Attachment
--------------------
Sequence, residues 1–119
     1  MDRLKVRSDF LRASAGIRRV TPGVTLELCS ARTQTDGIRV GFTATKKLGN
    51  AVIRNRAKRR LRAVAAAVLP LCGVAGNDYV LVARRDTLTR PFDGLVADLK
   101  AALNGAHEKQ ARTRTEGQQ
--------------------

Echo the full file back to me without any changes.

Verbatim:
Sequence, residues 1–119
     1  MDRLKVRSDF LRASAGIRRV TPGVTLELCS ARTQTDGIRV GFTATKKLGN
    51  AVIRNRAKRR LRAVAAAVLP LCGVAGNDYV LVARRDTLTR PFDGLVADLK
   101  AALNGAHEKQ ARTRTEGQQ